Sending unsolicited photos
We thank the authorities for the fact that most applications do not allow sending unwanted images through their messaging system. If you’re wondering if you should send someone a photo that they didn’t directly ask for, please let me remove any ambiguity from the equation.
What to do instead: Fortunately, there is a simple solution here. Never submit images without an invitation. Never! Whatever winnings you come up with is not worth the risk.
It’s too early to ask someone’s number
While it’s a good idea to plan a real date within the first two weeks of messaging, don’t skip the very important step of establishing rapport. Trying to be confident can quickly turn into overconfidence.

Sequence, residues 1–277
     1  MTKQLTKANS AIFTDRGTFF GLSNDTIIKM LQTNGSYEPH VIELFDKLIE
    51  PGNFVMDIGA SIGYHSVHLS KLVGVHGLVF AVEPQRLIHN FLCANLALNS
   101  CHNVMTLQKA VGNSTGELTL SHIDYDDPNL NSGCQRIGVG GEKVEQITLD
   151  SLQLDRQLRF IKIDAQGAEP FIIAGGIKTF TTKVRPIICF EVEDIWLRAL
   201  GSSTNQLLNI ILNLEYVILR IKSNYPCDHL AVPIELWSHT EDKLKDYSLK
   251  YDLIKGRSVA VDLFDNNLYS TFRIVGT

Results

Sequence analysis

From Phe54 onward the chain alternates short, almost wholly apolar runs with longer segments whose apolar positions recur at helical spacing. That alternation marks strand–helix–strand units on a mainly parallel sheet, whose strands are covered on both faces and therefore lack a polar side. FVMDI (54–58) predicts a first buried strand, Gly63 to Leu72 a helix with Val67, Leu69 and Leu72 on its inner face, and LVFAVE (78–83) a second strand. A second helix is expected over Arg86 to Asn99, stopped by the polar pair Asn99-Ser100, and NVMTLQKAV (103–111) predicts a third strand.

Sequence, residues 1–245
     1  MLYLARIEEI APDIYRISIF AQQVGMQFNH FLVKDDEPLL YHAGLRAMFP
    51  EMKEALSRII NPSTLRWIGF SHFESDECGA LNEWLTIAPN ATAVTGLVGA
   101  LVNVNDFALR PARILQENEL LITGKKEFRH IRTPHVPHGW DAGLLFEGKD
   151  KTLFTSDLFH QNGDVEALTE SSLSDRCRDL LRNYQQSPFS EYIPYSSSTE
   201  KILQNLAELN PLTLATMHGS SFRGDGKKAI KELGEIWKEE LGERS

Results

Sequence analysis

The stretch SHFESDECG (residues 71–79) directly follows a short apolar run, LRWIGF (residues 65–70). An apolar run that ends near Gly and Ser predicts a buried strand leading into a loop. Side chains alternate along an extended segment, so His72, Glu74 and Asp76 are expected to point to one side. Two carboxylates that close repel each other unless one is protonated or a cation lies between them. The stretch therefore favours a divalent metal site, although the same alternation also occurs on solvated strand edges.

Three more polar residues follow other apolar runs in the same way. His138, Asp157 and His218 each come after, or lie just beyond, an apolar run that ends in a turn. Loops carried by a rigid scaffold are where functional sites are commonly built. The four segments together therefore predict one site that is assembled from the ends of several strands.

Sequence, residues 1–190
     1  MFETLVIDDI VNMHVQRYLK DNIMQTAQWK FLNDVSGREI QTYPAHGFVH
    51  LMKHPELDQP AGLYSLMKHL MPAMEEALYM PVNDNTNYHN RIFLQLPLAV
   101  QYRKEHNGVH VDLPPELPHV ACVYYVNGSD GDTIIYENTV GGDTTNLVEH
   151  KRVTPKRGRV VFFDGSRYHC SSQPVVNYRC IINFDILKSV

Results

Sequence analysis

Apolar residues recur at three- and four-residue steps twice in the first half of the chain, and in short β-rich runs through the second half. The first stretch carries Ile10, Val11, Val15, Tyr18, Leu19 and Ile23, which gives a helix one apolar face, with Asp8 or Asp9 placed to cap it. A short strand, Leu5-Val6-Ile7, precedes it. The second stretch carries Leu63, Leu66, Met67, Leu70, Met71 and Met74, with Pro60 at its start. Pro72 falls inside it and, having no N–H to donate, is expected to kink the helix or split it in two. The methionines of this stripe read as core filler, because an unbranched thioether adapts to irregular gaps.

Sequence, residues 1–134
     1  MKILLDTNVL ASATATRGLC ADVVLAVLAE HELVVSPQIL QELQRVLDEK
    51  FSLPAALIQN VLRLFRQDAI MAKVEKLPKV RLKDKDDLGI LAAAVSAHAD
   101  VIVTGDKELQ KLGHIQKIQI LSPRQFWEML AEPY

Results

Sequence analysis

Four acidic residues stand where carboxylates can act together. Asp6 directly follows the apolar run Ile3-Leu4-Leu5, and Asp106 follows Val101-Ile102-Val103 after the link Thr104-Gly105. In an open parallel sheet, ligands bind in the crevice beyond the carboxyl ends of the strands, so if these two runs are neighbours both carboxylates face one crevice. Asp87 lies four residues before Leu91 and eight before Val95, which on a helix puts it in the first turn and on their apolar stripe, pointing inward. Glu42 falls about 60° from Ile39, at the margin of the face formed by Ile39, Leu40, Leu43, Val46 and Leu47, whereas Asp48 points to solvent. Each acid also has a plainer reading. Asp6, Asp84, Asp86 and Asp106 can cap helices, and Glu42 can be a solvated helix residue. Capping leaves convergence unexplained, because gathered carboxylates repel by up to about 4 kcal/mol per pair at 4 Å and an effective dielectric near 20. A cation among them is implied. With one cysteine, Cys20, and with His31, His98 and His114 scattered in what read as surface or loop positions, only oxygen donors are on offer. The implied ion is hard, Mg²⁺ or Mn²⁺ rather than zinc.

What to do instead: Before asking for someone’s number (or giving your own without prompting), make sure you both establish a common interest in each other. And please don’t ever call someone unexpectedly. It’s 2021. Even mom doesn’t call me unexpectedly.
Using faceless order lines
“ Well, here I am. What are your other two desires? “Don’t get me wrong, I smile when I get an extra stupid introductory line. Unfortunately, this does not always mean that I will actually do it. As with cover letters, this is obvious when you shoot the same shot over and over.
What to do instead: Concreteness is your friend . You can still be corny by saying that the line comes straight from your match profile. Here’s a trick from dating coach Logan Urie , director of relationship science at Hinge, and one of our Lifehacker podcast guests, The Upgrade : use your introductory line to comment at the bottom of their profile as it’s probably less more common than someone else replied to this.